1. Underestimating – we diminish and ignore the value of discipline by minimizing, rationalizing or justifying our actions. Essentially, we refuse to change. 
  2. Get depressed – We quit by going through the motions, by being angry or by blaming. 
  3. Learn – We embrace God’s training by facing facts, taking responsibility and changing

Being a learner allows us to build resiliency by facing life challenges with a faithful attitude, instead of getting angry, hard-hearted or depressed.

Now all discipline seems to be more pain than pleasure at the time, yet later it will produce a transformation of character, bringing a harvest of righteousness and peace to those who yield to it.

Hebrews 12:11 TPT

In my pride, I can see learning as a failure as opposed to an opportunity for growth and change. In order to have a transformation of faith and character, we must change our attitude about learning.

Reflection questions

  • Do you see learning as a pain or pleasure?
  • How are you responding to God’s training in your life?
  • How does your view of God need to change in order to embrace his training?

Be prayerful through failure

31 “Simon, Simon, Satan has asked to sift each of you like wheat. 32 But I have pleaded in prayer for you, Simon, that your faith should not fail. So when you have repented and turned to me again, strengthen your brothers.”

Luke 22:31-32 (NLT)

Failure is only fatal when it is absent of faith. After Peter experienced spiritual failure, Jesus encourages him. It’s one of many stories of resilience in the Bible that give us a blueprint for handling discouragement and setbacks today.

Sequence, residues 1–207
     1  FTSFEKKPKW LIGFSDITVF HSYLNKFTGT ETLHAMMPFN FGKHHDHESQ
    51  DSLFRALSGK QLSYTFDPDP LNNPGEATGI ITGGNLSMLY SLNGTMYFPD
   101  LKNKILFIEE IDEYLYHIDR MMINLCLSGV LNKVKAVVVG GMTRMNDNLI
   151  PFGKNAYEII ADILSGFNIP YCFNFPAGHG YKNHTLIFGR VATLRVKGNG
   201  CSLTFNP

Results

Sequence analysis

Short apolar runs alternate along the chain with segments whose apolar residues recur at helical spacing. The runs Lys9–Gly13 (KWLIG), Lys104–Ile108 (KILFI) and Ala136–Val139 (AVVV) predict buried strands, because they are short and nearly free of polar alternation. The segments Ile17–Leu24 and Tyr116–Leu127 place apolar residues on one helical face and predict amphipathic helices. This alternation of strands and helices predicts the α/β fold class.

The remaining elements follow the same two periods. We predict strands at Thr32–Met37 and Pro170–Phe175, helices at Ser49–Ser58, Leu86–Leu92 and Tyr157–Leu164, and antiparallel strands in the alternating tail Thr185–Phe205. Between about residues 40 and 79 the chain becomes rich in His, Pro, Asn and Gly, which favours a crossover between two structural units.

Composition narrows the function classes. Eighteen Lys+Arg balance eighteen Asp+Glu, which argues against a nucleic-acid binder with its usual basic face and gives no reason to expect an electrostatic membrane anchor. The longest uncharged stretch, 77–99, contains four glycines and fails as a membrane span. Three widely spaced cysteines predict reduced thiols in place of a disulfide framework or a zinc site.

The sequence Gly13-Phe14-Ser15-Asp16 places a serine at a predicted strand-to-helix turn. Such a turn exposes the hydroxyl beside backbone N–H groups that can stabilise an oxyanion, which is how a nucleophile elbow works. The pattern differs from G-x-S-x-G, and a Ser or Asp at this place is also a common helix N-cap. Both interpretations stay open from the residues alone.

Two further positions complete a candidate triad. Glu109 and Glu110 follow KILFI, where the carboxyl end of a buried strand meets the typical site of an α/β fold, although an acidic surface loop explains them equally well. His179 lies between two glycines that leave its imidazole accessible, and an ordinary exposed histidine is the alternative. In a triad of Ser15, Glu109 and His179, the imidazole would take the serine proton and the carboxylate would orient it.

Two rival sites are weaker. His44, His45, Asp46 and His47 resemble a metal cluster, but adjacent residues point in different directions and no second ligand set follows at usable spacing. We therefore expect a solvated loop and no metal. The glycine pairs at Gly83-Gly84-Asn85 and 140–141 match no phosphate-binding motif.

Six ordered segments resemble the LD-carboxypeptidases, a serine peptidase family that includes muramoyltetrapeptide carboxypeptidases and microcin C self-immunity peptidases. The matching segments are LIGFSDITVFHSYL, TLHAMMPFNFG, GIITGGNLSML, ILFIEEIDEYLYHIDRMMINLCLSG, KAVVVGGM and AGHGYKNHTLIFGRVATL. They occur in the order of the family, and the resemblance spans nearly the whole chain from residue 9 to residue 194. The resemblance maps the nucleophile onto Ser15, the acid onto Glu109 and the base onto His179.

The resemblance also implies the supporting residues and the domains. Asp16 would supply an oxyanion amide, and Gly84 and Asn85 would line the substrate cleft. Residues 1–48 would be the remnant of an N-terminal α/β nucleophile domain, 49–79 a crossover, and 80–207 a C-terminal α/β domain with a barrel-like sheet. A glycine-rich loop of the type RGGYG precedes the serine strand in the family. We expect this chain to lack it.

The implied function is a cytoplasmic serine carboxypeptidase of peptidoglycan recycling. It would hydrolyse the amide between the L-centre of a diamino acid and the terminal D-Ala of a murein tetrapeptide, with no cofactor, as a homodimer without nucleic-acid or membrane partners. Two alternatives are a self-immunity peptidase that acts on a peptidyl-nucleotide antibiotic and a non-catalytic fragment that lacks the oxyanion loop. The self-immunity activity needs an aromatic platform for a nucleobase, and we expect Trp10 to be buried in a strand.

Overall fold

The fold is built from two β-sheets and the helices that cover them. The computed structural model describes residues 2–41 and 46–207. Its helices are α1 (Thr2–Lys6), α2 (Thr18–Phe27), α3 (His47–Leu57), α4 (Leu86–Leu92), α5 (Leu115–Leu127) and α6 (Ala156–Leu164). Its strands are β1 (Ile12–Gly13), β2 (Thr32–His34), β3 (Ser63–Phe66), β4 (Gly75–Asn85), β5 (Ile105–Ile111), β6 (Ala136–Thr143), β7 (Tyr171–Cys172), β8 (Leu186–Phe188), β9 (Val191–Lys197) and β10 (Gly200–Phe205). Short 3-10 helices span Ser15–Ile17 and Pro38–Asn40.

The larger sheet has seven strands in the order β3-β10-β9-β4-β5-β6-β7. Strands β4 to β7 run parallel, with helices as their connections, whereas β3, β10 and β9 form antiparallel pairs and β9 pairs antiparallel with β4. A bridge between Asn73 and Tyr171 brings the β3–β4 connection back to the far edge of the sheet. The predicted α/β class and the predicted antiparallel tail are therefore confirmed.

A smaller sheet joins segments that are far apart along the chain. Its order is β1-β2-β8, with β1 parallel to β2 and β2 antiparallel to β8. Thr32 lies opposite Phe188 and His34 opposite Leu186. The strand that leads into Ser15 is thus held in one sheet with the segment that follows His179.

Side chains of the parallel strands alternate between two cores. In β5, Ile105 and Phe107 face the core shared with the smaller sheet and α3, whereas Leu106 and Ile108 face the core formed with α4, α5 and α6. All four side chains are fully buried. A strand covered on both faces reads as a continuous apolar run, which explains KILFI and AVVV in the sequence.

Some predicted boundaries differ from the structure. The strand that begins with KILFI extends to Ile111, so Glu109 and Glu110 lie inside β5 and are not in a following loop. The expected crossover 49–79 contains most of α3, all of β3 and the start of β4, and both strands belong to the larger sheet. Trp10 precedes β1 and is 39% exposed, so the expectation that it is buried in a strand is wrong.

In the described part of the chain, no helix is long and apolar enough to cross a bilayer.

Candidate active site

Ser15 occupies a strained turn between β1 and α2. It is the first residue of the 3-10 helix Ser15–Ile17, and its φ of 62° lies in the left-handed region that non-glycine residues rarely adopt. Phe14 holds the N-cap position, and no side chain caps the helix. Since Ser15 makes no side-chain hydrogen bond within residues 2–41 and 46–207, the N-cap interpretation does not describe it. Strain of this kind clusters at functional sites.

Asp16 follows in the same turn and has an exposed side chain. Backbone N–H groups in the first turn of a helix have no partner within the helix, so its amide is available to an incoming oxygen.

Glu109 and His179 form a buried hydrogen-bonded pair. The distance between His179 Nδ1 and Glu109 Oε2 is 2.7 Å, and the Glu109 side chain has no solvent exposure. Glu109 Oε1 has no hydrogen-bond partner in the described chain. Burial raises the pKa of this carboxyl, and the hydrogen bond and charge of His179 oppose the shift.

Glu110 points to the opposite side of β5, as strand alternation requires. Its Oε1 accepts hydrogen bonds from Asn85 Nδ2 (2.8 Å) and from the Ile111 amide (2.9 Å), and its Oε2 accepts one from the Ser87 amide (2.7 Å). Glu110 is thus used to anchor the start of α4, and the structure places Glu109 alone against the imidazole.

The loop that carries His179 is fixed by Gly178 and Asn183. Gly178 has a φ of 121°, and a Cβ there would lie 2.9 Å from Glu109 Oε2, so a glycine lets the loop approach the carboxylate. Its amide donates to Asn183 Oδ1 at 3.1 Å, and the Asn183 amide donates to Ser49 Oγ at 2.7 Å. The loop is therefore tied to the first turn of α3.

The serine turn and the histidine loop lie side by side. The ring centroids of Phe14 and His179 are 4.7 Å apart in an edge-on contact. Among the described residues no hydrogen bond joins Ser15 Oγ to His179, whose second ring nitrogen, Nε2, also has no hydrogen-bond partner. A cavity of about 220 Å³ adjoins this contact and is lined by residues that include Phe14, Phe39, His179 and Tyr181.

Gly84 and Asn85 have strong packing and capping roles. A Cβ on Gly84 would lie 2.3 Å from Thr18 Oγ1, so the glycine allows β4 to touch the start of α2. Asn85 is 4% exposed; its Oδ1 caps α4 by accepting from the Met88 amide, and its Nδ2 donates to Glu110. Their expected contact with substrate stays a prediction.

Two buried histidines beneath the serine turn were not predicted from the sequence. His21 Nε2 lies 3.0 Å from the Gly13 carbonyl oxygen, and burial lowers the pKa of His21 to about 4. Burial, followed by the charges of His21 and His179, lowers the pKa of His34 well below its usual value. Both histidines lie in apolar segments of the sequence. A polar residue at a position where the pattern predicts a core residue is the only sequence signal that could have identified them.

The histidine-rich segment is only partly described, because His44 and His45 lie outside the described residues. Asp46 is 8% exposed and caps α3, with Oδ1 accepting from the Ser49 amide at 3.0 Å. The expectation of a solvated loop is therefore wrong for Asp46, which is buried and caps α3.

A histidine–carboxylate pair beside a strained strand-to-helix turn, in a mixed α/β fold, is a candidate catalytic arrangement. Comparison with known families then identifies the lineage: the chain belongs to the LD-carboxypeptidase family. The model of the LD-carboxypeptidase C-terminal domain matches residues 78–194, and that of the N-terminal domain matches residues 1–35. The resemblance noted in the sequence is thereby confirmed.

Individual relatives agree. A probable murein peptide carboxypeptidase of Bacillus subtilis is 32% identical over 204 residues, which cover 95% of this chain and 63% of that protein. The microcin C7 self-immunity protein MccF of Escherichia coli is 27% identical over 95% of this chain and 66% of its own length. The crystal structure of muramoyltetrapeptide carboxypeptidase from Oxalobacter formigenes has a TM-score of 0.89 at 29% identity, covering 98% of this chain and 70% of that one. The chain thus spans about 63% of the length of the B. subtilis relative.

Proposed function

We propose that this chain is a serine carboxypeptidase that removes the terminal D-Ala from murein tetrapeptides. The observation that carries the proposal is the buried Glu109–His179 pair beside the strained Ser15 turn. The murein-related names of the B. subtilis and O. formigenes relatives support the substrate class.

Three things we learn from this scripture:

  1. We are fighting a spiritual battle and the fight is for our faith. It’s all too easy to focus on our life conditions or how we feel about the people around us, all the while forgetting that Satan is constantly trying to steal our faith. 
  2. Prayer is how we keep and strengthen our faith. We can spend a lot of time thinking, talking and feeling instead of praying to God. Prayer strengthens our faith.
  3. When we change, we help others to change. We can use everything we go through to help strengthen others.

Faith is what gives us the ability to take anything in life, including our humbling failures, and turn them into experiences that drive us to love others. Prayer helps keep us focused on God throughout this process, so we don’t get stuck in the weeds about how we feel. It is how we rely on God for the strength and resilience needed to learn from our failures and change.

Reflection questions

  • How is Satan trying to steal your faith?
  • Are you feeling, thinking and talking more than praying to God for help?
  • Whose faith can you strengthen and inspire based on the lessons you have learned through failure?

Further study

The following passages describe several ways for your to develop real faith and spiritual resilience. Take time today to consider how you can make a real comeback by tackling these issues.